Uber is at it again. The company is expanding its “on demand” model of precarious work to the temporary staffing business—an industry already notorious for exploitative labor practices. Through its new app Uber Works, which the company launched last month in Chicago, Uber aims to arrange temporary shifts in jobs like bartending, warehouse work, and commercial cleaning. Uber will partner with temporary staffing agencies like TrueBlue, which will employ and pay the workers who obtain assignments through the app.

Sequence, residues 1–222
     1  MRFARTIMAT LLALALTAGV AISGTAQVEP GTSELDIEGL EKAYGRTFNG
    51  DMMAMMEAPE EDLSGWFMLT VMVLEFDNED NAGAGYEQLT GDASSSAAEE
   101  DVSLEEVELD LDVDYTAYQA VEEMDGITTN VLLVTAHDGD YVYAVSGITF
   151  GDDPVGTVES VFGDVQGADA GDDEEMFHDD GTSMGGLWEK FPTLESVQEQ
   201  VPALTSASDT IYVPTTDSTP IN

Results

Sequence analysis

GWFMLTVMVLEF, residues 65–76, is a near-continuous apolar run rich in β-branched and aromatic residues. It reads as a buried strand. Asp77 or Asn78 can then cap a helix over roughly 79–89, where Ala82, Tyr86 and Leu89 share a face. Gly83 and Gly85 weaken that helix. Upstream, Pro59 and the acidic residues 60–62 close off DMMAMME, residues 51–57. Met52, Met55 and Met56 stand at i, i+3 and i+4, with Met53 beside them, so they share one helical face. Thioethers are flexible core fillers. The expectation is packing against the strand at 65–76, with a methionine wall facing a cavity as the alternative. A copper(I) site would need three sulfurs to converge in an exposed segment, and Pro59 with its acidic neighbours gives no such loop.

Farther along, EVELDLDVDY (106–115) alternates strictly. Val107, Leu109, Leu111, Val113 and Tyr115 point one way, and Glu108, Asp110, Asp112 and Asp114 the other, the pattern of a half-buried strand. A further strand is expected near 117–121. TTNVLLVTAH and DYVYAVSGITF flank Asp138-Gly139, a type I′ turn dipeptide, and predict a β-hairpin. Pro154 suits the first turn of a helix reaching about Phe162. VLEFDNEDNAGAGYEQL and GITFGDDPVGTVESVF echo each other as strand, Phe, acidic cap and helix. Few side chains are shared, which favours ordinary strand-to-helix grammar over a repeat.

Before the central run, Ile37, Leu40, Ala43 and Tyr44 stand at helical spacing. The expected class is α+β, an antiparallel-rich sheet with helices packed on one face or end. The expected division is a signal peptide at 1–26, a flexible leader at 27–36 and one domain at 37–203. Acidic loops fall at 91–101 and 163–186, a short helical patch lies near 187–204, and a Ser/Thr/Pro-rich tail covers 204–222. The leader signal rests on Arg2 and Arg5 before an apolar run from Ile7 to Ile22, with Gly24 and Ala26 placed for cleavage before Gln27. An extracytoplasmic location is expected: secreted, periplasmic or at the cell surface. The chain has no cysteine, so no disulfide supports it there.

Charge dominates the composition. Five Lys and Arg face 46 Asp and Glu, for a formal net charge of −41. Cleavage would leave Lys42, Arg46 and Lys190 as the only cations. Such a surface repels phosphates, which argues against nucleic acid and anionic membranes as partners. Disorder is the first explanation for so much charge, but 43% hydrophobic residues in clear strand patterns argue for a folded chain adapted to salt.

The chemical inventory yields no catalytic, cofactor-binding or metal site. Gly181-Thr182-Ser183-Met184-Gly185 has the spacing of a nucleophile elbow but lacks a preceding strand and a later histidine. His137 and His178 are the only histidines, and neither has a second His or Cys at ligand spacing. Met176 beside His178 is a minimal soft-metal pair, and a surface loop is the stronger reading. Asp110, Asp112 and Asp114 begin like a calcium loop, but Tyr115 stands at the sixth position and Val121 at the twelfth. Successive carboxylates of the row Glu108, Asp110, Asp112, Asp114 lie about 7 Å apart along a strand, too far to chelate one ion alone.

Uber is no stranger to outsourcing. Instead of employing its drivers directly, Uber calls them independent contractors, even though Uber controls nearly all aspects of its drivers’ work, including which customers a driver picks up, the route taken to destinations, and the rate for each ride. Unlike the traditional independent contractor—who is making financial investments to sustain and grow her business, negotiating prices with clients, and building a client base—Uber drivers are not, by any stretch of the imagination, in business for themselves. In response to Uber and other companies’ increasing reliance on workers classified as independent contractors, California recently passed a law that establishes a clearer and stricter test for who should be considered an employee.